The third powertrain offering is the Hybrid Max, which gives up some fuel economy for the best performance in the lineup. It pairs the hybrid system to the 2.4-liter turbo, making a combined 362 system horsepower and 400 lb-ft of torque. It uses a six-speed automatic transmission for a more traditional driving feel. The Hybrid Max is only offered with all-time all-wheel drive, and gets 26/27/27 mpg, which is better than the gas-only Grand Highlander, but not nearly as efficient as the other hybrid powertrain.
What’s the Grand Highlander like to drive?
While we recommend skipping the gas-only powertrain on the small Highlander in favor of the hybrid, we find the opposite is true, here, assuming that you’re not looking for maximum fuel economy. We don’t hear the as much of the harsh sound of the four-cylinder in the Grand highlander, letting the healthy torque and responsive transmission shine, and giving it a more refined experience.
The Grand Highlander’s basic hybrid is much less enjoyable. Its 245 hp is reaching its limits with 4,455 to 4,710 pounds of curb weight to haul around. Combined with the hybrid powertrain’s electronically controlled CVT, it moves slow and sounds strained, the same as it is in our long-term Toyota Sienna. But, like with our Sienna, the fuel economy is just so gosh-darn impressive that you might be able to forgive it – especially as no competitor with a comparably large interior offers anything like it.
The Hybrid Max is a sweetheart of a powertrain, with a meaty torque band that allows for smooth, easy acceleration, and the six-speed means it isn’t constantly interrupted by shifts or hunting for gears. It’s a surprisingly growly powertrain, helped in part by judicious application of the seamless artificial sound enhancement. And with the full-time all-wheel drive and beefier rear motor, the power split is more evenly distributed. This results in less-pronounced understeer when powering through corners. This all makes the Hybrid Max far and away the most enjoyable powertrain, and we wish Toyota would offer a detuned, more efficient version to supplant the regular hybrid.
While there are significant differences in powertrains, the Grand Highlander’s ride and handling are pretty much the same across the line. Up front is a MacPherson strut setup with a multi-link independent arrangement at the rear, and the shocks are non-adjustable. Each Grand Highlander does have different driving modes, but they mainly adjust throttle and transmission response — even the steering seems unaffected. The tuning is definitely toward comfort and control. It glides over bumps, and stays steady. Handling isn’t quite as eager as a result, what with the softness and body roll. The cabin is also impressively quiet. So as long as you’re not looking to hustle your practical hauler, you’ll be pleased with the Grand Highlander.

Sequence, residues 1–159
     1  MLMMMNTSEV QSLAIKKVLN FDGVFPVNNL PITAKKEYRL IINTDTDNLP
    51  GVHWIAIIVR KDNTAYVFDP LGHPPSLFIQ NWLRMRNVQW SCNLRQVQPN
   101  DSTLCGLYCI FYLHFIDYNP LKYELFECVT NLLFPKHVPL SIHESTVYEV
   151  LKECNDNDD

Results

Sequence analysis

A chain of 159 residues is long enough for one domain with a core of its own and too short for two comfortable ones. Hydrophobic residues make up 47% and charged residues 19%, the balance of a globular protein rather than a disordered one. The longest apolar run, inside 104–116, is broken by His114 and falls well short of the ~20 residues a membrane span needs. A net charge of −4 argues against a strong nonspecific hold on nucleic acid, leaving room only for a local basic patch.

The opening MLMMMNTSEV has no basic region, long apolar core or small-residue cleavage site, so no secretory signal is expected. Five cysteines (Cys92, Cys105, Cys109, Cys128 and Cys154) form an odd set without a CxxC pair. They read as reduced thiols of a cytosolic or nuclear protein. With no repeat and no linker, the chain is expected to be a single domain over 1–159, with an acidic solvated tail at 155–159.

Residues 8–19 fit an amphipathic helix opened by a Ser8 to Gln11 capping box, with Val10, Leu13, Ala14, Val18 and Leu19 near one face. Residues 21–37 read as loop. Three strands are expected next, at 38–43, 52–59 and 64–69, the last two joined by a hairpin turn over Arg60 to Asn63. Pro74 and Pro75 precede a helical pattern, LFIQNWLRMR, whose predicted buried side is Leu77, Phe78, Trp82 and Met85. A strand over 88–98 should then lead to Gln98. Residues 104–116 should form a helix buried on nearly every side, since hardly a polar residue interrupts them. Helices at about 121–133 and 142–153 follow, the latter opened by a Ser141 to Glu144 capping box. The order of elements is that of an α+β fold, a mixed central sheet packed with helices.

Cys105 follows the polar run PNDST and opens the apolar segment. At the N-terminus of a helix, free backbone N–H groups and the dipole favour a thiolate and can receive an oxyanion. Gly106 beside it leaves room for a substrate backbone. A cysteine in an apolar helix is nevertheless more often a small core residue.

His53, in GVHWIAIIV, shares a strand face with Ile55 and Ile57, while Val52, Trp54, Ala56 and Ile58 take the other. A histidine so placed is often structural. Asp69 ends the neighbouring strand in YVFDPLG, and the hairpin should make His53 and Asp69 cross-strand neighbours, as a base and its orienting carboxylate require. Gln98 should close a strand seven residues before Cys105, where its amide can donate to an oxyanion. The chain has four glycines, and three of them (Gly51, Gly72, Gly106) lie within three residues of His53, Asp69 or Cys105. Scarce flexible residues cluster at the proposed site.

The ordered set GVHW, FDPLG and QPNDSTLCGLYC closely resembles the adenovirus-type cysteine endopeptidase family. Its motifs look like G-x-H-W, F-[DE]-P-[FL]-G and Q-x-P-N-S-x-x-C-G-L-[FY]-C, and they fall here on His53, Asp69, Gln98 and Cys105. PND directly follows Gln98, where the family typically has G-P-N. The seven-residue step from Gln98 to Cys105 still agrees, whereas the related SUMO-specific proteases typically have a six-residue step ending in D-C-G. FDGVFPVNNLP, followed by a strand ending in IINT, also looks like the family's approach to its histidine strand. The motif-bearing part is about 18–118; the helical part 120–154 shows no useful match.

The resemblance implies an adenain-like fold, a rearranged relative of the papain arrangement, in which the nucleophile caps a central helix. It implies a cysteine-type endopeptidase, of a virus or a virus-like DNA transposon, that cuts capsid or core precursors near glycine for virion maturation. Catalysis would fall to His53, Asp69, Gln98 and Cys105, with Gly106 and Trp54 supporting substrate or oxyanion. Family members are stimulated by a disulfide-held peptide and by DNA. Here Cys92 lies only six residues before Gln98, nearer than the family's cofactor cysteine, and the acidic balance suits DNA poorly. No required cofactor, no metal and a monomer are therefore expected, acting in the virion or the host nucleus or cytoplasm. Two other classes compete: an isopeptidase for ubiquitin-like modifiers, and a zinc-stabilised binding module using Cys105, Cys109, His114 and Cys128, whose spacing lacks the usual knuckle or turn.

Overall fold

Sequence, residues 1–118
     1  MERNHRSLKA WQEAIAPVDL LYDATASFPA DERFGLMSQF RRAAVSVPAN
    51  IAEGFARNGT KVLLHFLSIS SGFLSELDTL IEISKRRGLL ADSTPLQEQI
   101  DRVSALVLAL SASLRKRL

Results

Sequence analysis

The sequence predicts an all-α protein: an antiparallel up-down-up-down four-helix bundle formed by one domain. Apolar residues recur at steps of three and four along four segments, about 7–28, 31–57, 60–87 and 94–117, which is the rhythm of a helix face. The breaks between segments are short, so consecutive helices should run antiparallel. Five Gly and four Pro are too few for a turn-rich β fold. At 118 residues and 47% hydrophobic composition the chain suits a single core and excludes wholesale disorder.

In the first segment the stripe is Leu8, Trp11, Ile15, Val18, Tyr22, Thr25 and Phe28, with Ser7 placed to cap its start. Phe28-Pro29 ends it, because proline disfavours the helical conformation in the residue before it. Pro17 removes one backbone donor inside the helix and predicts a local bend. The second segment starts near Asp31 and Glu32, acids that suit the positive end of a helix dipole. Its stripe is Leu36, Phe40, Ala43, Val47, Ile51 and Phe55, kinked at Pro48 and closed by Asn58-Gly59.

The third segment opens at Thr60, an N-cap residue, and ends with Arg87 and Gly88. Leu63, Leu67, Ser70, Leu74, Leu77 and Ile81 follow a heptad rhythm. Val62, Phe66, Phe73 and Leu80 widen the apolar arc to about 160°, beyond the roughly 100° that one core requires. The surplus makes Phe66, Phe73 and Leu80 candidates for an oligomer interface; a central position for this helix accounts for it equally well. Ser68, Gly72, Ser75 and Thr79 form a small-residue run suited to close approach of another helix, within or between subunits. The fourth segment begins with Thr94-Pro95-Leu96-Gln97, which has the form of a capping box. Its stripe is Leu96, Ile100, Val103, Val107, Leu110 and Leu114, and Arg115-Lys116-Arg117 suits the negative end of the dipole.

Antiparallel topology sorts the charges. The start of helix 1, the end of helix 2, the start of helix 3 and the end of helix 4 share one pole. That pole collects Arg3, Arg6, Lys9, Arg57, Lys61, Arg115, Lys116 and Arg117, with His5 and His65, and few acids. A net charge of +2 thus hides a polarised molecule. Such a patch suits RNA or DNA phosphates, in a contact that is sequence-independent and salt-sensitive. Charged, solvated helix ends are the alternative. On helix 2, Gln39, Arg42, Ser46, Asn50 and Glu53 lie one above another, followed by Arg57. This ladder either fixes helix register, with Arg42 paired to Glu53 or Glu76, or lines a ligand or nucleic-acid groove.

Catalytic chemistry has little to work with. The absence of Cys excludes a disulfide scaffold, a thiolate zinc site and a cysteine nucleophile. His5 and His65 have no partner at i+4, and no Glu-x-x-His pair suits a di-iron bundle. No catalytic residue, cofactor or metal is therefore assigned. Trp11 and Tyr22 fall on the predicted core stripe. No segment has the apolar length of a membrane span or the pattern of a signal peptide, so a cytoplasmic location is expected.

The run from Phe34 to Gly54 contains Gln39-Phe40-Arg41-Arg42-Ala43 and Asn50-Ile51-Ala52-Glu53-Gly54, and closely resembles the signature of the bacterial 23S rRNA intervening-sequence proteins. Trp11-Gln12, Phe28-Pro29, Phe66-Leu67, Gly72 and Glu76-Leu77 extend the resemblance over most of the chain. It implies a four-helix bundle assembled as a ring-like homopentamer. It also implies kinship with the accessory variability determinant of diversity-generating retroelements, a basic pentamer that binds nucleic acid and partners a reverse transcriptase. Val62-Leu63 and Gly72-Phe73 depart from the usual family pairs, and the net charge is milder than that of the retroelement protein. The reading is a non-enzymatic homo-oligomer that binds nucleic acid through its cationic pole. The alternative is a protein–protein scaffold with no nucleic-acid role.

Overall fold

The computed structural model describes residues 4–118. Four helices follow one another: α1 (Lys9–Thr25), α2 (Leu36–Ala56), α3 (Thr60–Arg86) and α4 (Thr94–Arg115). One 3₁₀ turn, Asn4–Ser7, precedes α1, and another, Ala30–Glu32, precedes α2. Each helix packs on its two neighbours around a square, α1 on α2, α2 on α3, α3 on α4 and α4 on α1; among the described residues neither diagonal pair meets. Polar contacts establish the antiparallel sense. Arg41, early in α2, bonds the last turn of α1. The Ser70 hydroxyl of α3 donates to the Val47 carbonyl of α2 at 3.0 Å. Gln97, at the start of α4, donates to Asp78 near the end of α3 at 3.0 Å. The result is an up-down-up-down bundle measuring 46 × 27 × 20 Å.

What other Toyota Grand Highlander reviews can I read?
2024 Toyota Grand Highlander First Drive Review: ‘Grander’ in size, power and price
This is our first experience behind the wheel of the Grand Highlander, which we find is an improvement over the standard Highlander in far more than just its size.
2024 Toyota Grand Highlander Cupholder Mega Test: Will the Nalgene bottle fit?
The Grand Highlander has 15 cupholders. We check them all out and see which ones will fit an oversized water bottle.
What is the 2024 Grand Highlander price?
The base trim for the Grand Highlander is the XLE, which, with the gas-only powertrain and front-wheel drive, starts at $44,405 including $1,335 in destination. All-wheel drive adds $1,600 to that. The base Grand Highlander Hybrid XLE starts at $46,005.
The XLE models have a decent list of standard equipment, including 18-inch wheels, LED head- and taillights, power liftgate, digital key technology, three-zone automatic climate control, adaptive cruise control, rain-sensing wipers, SofTex leatherette upholstery, second-row sunshades, a 12.3-inch infotainment touchscreen, wireless Apple CarPlay and Android Auto, a wireless phone charger and seven USB-C ports.
Features that show up on the upper trim levels include 20-inch wheels, heated leather seating, a digital instrument panel, head-up display, digital rear-view mirror camera, panoramic glass roof, ambient lighting, JBL premium audio system. There are no sporty or off-road trim levels available (yet) for the Grand Highlander.
Pricing for the 2024 Grand Highlander lineup is as follows:
XLE FWD: $44,405
XLE AWD: $46,005
Limited FWD: $49,195
Limited AWD: $50,795
Platinum AWD: $54,880
Hybrid XLE FWD: $46,005
Hybrid XLE AWD: $47,605
Hybrid Limited AWD: $52,395
Hybrid Max Limited AWD: $55,375
Hybrid Max Platinum AWD: $59,460
What are the Grand Highlander safety ratings and driver assistance features?
Standard safety equipment includes automatic emergency braking with pedestrian detection, lane-keeping assistance, road sign recognition, automatic high beams, blind-spot and rear cross-traffic warning systems, and adaptive cruise control. Also available are front and rear-parking assist with automatic braking, a panoramic parking camera system and Traffic Jam Assist (which allows hands free-driving on freeways at 25 mph or less).
The Toyota Grand Highlander has not yet been crash tested by either NHTSA or the IIHS as of this writing.